ReFINEd Kingston - Fall 2017

Page 18

Canadian Contributions to

WORLD FASHIONS Looking back at the last 150 years By Angela Campagnoni

It’s impossible to open a Canadian publication or watch Canadian television and not be reminded that this is Canada’s 150th year as a unified country. I wanted to join in on the celebration and write about the history of clothing in Canada. Canada has made many notable contributions to the international fashion scene over the years. I have chosen just a few to highlight. Some may surprise you!

Bing Crosby was responsible for the “Canadian tuxedo”

Let’s start with the “Canadian tuxedo.” This is the combination of a denim jacket and denim pants. How did this become a thing? Well, actually, it didn’t even start as a Canadian item. It was coined as Canadian after Bing Crosby was here for a fishing trip in the 1950s. Apparently Crosby was wearing the outfit when he tried to get a reservation at a Vancouver, B.C. hotel and was initially denied access because of his wardrobe. Another employee realised who he was and they quickly rectified the mistake. The story made the news.

to hotel men everywhere — This label entitles the wearer to be duly received and registered with cordial hospitality at any time and under any conditions.” It was signed by the American Hotel Association president.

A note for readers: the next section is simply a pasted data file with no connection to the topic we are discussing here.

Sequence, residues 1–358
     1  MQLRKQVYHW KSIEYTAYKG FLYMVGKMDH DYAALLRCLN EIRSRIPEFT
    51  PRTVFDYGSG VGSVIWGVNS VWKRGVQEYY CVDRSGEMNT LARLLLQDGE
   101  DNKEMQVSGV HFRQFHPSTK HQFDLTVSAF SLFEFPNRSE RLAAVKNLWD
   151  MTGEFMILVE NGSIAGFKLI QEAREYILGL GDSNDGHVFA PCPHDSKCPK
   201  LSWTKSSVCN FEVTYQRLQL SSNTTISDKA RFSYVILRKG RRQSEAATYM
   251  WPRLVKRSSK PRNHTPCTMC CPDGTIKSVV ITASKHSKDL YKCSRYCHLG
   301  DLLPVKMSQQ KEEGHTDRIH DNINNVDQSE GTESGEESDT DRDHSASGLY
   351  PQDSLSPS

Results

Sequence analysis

Months later on June 30, 1951, Crosby was at a rodeo in Nevada and Levi’s presented him with a denim tuxedo with a patch inside. The patch read, “Notice

Parkhouse, a Canadian from St. Thomas Ont., invented the wire coat hanger back in 1904. One day, while working at a lampshade making facility in Michigan,



From that point on, it was known as the Canadian tuxedo. Here is a name that is probably not familiar to most people, yet everyone reading this will have his items in your home — Albert J. Parkhouse.

he went looking for an available hook to hang his coat. He took a piece of wire and shaped it to match the shoulders across his coat. Upon seeing this, his boss went and registered the patent for it. Parkhouse never received a dime for this internationally known and used invention. Much like many parts of the United States, the Canadian fashion industry began to see growth after the Second World War. When a boom happened in the 1960s, we started seeing a lot of influences from European fashion, and as the industry grew and flourished, veterans of the industry were able to enjoy their success. However, the abolishment of tariffs on global trade